The Sunday Giveaway: Two Tickets to SMALL MOUTH SOUNDS Off Broadway!

You all know my rule, right?

When three different people tell me that I should see a show. . .I run, not walk, for a ticket.

Well, since six people told me to see Small Mouth SoundsI Usain Bolt-ed for a ticket.

And I picked up a couple of extra, just to give away to one of you!

SMS is the latest show to come from Ars Nova (which is coming into its own as a commercial birthing place – first with Natasha Pierre and the Great Comet of 1812 opening on Broadway this fall and now this), written by Bess Wohl (Pretty Filthy) and directed by the director everyone is talking about, Rachel Chavkin (the aforementioned Natasha Pierre).

It’s about six strangers on a silent retreat. Yep, that’s right, I said silent.  In other words, this plays doesn’t have a lot of words.

Unique.  And from what the reviews have said, pretty damn awesome.

I can’t wait to see it.

Which one of you wants to go too?

To enter to win two tickets to Small Mouth Sounds, click here.

And if you win, you can’t say that you won.  You have to small mouth sound-it.

Good luck!

Enter here.

 

(Got a comment? I love ‘em, so comment below! Email Subscribers, click here then scroll down to say what’s on your mind!)

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FUN STUFF:

– Listen to Podcast Episode 85 with Producers, Craig Zadan and Neil Meron! Click here.

– WEBINAR ALERT: “How to Make a Living Through Licensing” Wednesday, September 14th at 7PM ET. Click here to register.  Or get it for FREE when you join Pro.

– Get everything you need to help get your show off the ground when you join TheProducersPerspectivePro for free.  Join the club today.

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Comments
  • Wendy Spatz says:

    I listened to Manny Azenberg’s interview and found it fascinating. However, I also found it rather depressing, as it sounded like the “good ol’ days” of Broadway are truly over. Sadly, I agree that the long running Disney musicals have contributed to the destruction of many creative folks who cannot in any way afford to put on their shows and “experiment” a bit. As the ticket prices have gone up, it appears that elaborate sets are a must to keep an audience’s interest. Good writing takes a back seat to spectacle more and more. And yet, having said that, people are still coming to Broadway and helping that economy. We need more Manny’s Azenbergs starting now!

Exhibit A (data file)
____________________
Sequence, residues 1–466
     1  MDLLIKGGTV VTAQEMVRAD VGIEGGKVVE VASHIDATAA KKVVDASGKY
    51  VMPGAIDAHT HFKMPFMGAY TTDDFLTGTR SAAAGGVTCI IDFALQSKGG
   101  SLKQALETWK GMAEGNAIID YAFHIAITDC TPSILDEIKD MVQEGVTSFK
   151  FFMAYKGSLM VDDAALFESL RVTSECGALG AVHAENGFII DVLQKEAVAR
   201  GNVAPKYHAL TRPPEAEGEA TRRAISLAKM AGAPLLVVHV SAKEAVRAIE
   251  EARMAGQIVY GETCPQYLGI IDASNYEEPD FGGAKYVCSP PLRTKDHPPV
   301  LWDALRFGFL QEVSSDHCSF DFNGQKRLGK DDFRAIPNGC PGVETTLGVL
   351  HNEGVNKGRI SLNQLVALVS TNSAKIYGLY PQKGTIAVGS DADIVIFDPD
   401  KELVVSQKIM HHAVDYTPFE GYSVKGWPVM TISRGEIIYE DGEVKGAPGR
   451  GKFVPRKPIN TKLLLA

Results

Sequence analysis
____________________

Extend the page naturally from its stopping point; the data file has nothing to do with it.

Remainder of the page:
• Steven Conners says:

    Ken–That was one of the best podcasts. Mr. Azenberg has seen it all, done it all, and his opinions and observations are brilliant and not to be forgotten. I agree with him on all of his comments. The investors being called “producers” are a sin to the backers of old and, of course, they are not producers. I, like him, yearn for the return of the strong Producer. He is a historian, and at the same time a realist. His experiences in the Theatre have caused him to reflect on the past and compare it to the way it is today. I, again, applaude your presentation of the greats of Broadway. Keep up the good work. —sjc

  • Steven Conners says:

    Your interview with Mr. Azenberg was delightful and informative. Where are the Merrick’s, et al? The current crop of Producers, wanting only the money, allow “Investors” to be called “Producers” above the line, appearing at the Tony’s and even participating the process. Much was learned from Mr. Azenberg, although few will be moved to change. Keep up the good work. —sjc

  • Barbara Beckley says:

    As a teenager, I apprenticed at the Rye Music Circus, and 25-year-old Manny was my boss. We had Bert Lahr in DUBARRY WAS A LADY, Doretta Morrow in BRIGADOON, others. Manny was lovely. One of the greatest summers of my life. This podcast was absolutely wonderful. Thanks for getting him!

  • Steven Conners says:

    Excellent interview with one of the giants of Broadway. Sage advice from a pro who has been there. Keep up the good work. —sjc

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